Sid Caesar eyes a successful orchestra season
April 6, 1995: Setting the tone for the lighter fare promised by the Glendale Festival Orchestra, Sid Caesar makes a face at the news conference where the new group was announced. Caesar will host the June 4 opening gig.
This photo by Perry Riddle appeared in the April 7, 1995, Los Angeles Times. Staff writer Steve Ryfle reported:
Glendale already has a renowned symphony that caters to the black-tie set, but on Thursday, officials announced the start-up of a new orchestra that will produce a series of family-oriented concerts, some of which will feature celebrities.
Pianist and conductor Norman Henry Mamey said the new Glendale Festival Orchestra will integrate traditional orchestra music with other forms of live entertainment, beginning with its opening show, June 4, when the headliner will be comic Sid Caesar.
Unlike a traditional symphony’s emphasis on classical works, Mamey said, the new group will perform lighter fare and be more “accessible and innovative.”
“Many times, orchestras are thought of as being stuffy or overblown. What we are trying to do is be very family-friendly,” said Mamey. Two of the concerts scheduled for the orchestra’s first season feature Garfield the cat and the characters from “Sesame Street,” he said.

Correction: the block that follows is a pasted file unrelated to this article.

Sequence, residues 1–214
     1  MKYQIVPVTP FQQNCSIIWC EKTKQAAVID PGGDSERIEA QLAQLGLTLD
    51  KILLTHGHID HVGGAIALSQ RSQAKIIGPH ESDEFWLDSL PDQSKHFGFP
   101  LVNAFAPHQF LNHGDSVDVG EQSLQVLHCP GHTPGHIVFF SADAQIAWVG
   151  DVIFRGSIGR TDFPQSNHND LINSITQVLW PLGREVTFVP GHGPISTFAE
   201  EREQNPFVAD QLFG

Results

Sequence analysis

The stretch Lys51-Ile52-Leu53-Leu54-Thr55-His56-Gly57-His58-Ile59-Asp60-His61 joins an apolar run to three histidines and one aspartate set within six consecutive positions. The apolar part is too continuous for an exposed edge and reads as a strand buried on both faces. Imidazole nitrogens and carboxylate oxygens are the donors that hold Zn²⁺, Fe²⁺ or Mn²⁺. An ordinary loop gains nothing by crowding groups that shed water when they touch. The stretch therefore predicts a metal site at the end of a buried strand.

Mamey said that many details still must be ironed out, including the orchestra’s budget and how it will be funded, but he is confident that the venture will succeed.
“My philosophy is like the ‘Field of Dreams’ philosophy: ‘If you build it, they will come,’ ” Mamey said.
“We’re going to start this out slowly, and I think as people see the class and quality of work we’re doing, we’ll build up a big following.”
Caesar and actress Shirley Jones, who also is scheduled to perform during the orchestra’s nine-concert opening season at the Alex Theatre, attended a news conference Thursday to publicize the orchestra. Both are members of the organization’s honorary board of directors.
Asked what his kickoff show will be like, Caesar was irreverent, as usual.
“I’m going to introduce a whole new way of performing for me. It’s going to be an entire evening of pantomime” featuring portrayals of “a man getting up in the morning and brushing his teeth.”
But eventually, the comic said his act will feature favorite routines from “Your Show of Shows,” his early 1950s live TV variety show.
Jones, whose act features show tunes from Rodgers and Hammerstein musicals, said she is supporting the venture because it will help rekindle interest in American popular music of the 1930s and ’40s and because orchestras have become a dying breed.
“Through the years, I’ve often gone back to cities where I’d performed with an orchestra several years ago and I’m told that the symphony has folded, so this is a particularly wonderful thing, to be launching a symphony orchestra,” Jones said.
Mamey, who was passed over for the job of conductor of the Glendale Symphony Orchestra when Lalo Schifrin announced his retirement earlier this year, said the Glendale Festival Orchestra will consist of 50 to 60 musicians, depending on the concert material to be performed.
Online searches failed to turn up any follow-up information on the Glendale Festival Orchestra. Orchestra Leader Norman Henry Mamey died in January 2015.
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